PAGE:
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With the Oil and Natural Gas Corporation keen on acquiring Hindustan Petroleum Corporation, the Centre will have every reason to be pleased.
For one thing, the sale of its 51 per cent stake in HPCL will rake in Rs. 30,000 crore. It will also set in motion the process of creating an integrated oil company which was announced in the Budget earlier this year.
Yet, to assume that the new relationship between ONGC and HPCL will be all hunky-dory is wishful thinking. Both organisations have different work cultures and this will be a huge challenge when it comes to dealing with a combined workforce of over 50,000 people.
With ONGC clearly in the lead as the acquirer, HPCL will take second place in the revised scheme of things. The Centre, will of course, continue to be the owner of this new entity, but ONGC could have a larger say in daily operations. This is where ego clashes can come into play, especially at the senior level which could be quite disruptive.
“HPCL’s corporate identity will be intact but greater authority will rest with ONGC in the overall scheme of things. Whether this will affect smooth working remains to be seen,” says an oil industry executive. On the face of it, there should ideally be no clash given that one company is focussed on exploration and production, while the other, HPCL, is in the downstream space of refining and marketing.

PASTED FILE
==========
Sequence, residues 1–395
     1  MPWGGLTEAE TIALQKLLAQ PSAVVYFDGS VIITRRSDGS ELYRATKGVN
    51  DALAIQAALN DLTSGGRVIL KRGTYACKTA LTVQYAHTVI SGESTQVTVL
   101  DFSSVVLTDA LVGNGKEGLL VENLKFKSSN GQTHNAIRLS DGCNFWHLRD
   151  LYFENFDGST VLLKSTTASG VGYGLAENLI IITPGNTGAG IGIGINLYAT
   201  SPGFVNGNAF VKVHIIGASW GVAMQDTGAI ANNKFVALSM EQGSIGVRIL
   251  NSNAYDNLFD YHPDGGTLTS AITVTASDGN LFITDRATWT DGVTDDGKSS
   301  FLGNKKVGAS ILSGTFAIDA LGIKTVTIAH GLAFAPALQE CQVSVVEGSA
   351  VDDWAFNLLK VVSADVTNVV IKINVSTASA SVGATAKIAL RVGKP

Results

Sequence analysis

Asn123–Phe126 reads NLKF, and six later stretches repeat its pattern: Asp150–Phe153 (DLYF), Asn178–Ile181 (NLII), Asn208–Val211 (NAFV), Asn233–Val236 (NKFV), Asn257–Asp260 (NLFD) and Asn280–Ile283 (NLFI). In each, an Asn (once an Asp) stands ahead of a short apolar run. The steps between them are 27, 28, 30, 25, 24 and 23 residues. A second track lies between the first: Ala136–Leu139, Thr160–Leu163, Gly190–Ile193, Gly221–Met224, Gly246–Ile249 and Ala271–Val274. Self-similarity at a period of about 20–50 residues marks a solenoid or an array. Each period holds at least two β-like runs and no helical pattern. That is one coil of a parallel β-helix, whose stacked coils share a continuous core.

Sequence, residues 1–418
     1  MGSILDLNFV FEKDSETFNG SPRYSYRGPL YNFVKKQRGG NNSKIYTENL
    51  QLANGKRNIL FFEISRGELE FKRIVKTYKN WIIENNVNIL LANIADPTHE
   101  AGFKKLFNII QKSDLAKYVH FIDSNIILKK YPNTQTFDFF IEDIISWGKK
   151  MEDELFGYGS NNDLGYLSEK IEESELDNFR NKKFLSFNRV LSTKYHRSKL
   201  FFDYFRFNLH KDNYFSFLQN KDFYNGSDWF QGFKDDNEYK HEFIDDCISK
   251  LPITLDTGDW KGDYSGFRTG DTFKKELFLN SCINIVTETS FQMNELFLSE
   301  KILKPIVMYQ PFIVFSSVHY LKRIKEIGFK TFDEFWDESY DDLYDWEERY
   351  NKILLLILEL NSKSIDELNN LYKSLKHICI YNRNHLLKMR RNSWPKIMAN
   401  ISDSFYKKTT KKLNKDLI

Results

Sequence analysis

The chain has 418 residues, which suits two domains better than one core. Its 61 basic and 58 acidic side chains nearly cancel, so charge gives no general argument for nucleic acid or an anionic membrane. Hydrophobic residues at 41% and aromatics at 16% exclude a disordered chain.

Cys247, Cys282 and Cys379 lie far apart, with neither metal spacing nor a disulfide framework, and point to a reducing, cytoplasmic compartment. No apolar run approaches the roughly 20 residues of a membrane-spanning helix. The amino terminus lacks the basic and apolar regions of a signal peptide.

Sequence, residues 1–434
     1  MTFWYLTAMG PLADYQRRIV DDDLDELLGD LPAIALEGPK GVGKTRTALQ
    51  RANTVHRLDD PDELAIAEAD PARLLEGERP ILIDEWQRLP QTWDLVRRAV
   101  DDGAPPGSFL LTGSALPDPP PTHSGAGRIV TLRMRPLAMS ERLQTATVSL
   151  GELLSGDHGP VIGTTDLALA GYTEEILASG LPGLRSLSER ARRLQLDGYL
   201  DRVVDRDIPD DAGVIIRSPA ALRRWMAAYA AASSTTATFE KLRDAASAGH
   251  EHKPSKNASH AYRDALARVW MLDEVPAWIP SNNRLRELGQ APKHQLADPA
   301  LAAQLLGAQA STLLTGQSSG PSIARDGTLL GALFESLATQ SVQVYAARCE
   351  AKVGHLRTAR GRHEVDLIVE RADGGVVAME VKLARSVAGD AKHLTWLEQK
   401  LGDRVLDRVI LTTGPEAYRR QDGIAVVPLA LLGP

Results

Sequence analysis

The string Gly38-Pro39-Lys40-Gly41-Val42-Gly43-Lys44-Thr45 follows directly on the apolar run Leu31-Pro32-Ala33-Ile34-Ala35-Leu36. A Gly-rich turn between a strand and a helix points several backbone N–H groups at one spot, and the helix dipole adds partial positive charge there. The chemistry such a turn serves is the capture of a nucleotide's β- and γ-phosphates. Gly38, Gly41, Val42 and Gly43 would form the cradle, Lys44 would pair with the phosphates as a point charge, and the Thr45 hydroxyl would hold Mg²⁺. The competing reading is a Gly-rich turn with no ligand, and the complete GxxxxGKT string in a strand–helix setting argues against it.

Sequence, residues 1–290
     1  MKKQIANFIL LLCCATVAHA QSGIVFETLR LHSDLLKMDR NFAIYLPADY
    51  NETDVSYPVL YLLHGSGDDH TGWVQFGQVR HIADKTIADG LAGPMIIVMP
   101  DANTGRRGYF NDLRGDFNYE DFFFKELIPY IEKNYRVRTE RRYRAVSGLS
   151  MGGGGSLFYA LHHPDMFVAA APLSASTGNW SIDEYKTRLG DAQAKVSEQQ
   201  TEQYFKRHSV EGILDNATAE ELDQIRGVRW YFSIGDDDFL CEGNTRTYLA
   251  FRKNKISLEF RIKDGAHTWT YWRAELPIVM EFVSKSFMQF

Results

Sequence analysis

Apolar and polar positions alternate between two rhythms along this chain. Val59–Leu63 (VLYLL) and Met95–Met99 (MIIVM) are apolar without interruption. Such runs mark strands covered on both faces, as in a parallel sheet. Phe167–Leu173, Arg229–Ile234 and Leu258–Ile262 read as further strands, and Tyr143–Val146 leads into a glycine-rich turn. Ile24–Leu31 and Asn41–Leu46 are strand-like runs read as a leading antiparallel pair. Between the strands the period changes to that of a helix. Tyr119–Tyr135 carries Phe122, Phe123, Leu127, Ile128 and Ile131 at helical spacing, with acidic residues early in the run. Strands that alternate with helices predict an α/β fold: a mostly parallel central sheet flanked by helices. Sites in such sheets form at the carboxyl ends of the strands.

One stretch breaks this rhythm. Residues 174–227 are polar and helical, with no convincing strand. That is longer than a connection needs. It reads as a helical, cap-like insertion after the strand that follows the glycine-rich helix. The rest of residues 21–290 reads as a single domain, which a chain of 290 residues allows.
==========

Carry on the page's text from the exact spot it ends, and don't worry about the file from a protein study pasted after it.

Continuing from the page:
However, should ONGC assume a larger role in day-to-day functioning, it could result in awkward situations. “One must wait and see how the CEO’s role pans out. Ideally, there should be one each for ONGC and HPCL to ensure that the show goes on irrespective of a change in hands,” says an industry observer.
This is where ego clashes are best avoided so that an integrated oil company sets about achieving the objectives it has been created for in the first place. Only transparency and efficient leadership that will eventually win the trust and confidence of the people within the new entity. It also remains to be seen how this marriage will impact some critical investments of HPCL like the Rajasthan refinery which has just got the go-ahead after nearly five years. Will ONGC, for instance, help out in arranging crude supplies for this project as part of its domain expertise?
Both companies are already partners in Mangalore Refinery & Petrochemicals which was initially a joint venture of HPCL and the AV Birla group.
When things were not working out to plan, ONGC was quick to snap up MRPL where it has a stake of 72 per cent. HPCL is a poor second with 17 per cent, when it was an equal partner at one point in time, and this loss rankles even today.
Restructuring efforts in public sector oil companies have happened in the not-so-distant past when standalone refiners went into the custody of stronger marketing allies. This saw IndianOil take charge of Chennai Petroleum Corporation, while Bharat Petroleum, similarly, acquired Kochi Refinery.
Subsequently, ONGC and IOC also attempted to join hands and share expertise in their core areas but nothing came out of this.
The Centre, of course, made money from a cross-holding deal between the two companies (apart from GAIL India) which is pretty much what will happen with ONGC and HPCL. How this will contribute to the cause of an integrated oil company remains to be seen.
Going forward, there could be similar scenarios emerging with either IOC or BPCL teaming up with Oil India for yet another combined energy powerhouse. Likewise, GAIL India could also find another ally in this exercise.
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